Financially and let’s face it, probably emotionally, cut-off by a clearly homophobic father, Leonard Horowitz arrived in Miami from New York in 1976 to live with his mum. This wasn’t his first trip to Miami, but it was the first time he intended to stay. Horowitz and his partner in pastel-painted crime, Barbara Capitman, bonded over a mutual appreciation of art deco architecture and formed the Miami Design Preservation League. They worked to get South Beach’s distinctive take on streamline moderne architecture, a pared-back subset of more widely known art deco, secured on the National Registry of Historic Places.
Dreaming in colour
An interior and furniture designer, among other design related trades, Leonard was the mastermind behind a united colour scheme that would put South Beach back on the map. Amidst the controversy that inevitably arises with innovation, Leonard pursued his sorbet-hued dream for the bland, vandalised and decaying architectural gems. His choice of palette not only sets South Beach apart from many coastal destinations, it helped to revive South Beach into trendy, cosmopolitan SoBe as it is commonly known. The heart-lifting hues are as timeless as the glowing sunrises and fiery sunsets, seasonally shifting blue-greens of the ocean and golden sands that inspired them. Here are some of my favourite pastel moments from my afternoon languishing in this architectural and pastel paradise.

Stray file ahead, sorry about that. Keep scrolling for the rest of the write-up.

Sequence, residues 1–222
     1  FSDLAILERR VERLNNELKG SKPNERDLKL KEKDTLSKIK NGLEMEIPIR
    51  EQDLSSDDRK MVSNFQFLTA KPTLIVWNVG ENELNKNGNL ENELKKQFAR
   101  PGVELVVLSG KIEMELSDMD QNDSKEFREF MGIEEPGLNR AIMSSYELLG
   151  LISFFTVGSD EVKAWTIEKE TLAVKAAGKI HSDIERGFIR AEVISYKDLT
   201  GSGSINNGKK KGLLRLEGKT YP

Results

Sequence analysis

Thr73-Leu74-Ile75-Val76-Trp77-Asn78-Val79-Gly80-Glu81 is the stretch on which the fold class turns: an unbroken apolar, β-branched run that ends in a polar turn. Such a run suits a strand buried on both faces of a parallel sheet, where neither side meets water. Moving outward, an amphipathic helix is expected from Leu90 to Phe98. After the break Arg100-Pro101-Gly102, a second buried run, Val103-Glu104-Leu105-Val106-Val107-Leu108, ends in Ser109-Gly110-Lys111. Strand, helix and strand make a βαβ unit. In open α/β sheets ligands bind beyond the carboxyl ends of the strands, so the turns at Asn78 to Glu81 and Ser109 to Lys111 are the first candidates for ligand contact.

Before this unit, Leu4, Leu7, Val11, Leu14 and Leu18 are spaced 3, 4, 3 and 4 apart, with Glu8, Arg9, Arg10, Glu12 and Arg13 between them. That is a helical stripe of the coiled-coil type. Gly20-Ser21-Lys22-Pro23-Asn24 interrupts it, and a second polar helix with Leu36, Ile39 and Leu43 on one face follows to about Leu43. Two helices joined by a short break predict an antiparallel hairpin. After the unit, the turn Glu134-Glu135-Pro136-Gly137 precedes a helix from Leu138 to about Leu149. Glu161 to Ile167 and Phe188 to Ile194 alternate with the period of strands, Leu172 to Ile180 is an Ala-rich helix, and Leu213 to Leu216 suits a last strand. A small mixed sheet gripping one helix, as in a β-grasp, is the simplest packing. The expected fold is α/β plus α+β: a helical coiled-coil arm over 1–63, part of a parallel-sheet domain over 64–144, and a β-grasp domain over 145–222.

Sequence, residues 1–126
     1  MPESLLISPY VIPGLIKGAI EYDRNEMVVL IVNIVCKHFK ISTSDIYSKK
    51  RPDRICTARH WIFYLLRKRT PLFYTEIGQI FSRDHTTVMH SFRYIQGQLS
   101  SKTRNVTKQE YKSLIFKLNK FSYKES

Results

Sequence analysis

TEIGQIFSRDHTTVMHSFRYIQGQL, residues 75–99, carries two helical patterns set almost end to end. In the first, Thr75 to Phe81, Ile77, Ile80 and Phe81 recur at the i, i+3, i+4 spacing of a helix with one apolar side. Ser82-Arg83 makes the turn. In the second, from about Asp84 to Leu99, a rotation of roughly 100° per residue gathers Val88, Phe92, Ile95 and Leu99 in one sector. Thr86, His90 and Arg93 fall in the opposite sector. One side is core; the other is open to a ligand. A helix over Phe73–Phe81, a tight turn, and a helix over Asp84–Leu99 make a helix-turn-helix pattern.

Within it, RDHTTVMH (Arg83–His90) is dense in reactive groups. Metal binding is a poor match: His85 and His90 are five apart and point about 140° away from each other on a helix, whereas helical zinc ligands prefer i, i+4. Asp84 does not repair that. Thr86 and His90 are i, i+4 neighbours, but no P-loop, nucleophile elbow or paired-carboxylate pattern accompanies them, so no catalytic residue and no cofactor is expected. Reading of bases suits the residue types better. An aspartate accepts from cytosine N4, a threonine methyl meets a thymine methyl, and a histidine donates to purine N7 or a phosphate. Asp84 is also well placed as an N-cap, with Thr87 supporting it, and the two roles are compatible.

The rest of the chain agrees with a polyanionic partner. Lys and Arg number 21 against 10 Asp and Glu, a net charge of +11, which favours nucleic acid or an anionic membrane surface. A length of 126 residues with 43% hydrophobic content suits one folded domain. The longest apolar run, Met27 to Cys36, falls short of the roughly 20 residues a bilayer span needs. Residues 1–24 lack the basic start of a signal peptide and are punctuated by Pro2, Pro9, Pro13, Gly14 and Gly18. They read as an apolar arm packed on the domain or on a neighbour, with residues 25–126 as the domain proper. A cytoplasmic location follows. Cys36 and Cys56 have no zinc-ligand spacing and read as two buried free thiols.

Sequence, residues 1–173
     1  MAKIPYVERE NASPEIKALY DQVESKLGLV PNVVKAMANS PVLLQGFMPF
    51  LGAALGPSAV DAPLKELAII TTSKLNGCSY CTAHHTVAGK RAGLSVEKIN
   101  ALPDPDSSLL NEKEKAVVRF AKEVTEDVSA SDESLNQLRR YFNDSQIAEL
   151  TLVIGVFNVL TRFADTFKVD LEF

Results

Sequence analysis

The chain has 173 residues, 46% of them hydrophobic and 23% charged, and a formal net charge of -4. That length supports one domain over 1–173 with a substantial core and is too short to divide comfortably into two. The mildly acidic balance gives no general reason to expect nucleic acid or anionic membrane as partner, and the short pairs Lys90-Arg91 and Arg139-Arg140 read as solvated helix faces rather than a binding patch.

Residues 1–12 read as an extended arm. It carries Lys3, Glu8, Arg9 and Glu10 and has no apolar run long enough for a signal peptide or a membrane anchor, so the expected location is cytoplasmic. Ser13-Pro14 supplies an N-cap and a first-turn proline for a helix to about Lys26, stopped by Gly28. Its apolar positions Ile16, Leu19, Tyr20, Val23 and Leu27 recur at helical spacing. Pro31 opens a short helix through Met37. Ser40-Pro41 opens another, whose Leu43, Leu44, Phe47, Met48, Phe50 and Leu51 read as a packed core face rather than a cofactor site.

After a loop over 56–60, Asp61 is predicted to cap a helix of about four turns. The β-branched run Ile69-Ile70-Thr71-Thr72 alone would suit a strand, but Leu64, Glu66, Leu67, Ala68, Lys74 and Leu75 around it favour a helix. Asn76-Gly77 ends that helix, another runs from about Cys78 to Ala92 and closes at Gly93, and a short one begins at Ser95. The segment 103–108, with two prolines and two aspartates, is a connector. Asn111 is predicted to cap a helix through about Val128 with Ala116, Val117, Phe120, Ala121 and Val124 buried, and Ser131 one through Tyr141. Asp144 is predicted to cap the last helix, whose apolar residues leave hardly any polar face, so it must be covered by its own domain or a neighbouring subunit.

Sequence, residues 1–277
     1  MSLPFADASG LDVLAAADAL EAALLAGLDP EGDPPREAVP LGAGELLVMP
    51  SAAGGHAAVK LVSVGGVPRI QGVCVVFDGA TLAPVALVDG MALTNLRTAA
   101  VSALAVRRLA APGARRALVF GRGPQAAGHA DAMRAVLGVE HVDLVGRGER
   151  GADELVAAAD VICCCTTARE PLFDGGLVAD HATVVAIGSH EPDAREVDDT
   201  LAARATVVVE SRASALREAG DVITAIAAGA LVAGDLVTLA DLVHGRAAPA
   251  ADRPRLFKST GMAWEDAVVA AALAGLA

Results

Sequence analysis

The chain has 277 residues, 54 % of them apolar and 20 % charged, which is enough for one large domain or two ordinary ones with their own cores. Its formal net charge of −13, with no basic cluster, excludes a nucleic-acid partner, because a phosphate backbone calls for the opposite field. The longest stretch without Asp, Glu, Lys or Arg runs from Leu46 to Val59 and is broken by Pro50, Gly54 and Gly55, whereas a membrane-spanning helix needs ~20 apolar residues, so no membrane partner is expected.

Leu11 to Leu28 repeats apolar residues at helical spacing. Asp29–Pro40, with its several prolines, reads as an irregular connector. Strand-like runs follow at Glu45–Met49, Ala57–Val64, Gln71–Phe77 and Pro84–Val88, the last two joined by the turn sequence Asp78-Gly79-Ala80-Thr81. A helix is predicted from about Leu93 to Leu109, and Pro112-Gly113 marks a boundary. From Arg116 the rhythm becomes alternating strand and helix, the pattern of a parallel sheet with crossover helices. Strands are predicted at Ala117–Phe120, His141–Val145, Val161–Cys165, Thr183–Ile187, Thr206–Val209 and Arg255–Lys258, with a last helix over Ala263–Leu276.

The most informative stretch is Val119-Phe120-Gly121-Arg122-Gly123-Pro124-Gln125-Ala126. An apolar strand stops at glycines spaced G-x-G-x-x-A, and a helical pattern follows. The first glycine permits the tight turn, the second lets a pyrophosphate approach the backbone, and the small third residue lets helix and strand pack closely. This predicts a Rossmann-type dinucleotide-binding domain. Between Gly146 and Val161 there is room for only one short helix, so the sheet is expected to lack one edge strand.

“I’ll take care of the buildings. I’ll do the frosting on the cake,” said Horowitz, referring to the architecture of the South Beach art deco district.
Ways to experience the South Beach Art Deco District
- Visit the Miami Design Preservation League Welcome Center and Art Deco Museum at 1001 Ocean Drive. Here you can also pick up an audio tour guide to complete at your own pace.
- Take a self-guided walking tour with this guide on Free Tours by Foot.
- Take a combination culinary and architectural tour and eat your way through the District with Miami Food Tours or Miami Culinary Tours.
- Join the festivities of the yearly Art Deco Weekend, a huge community event.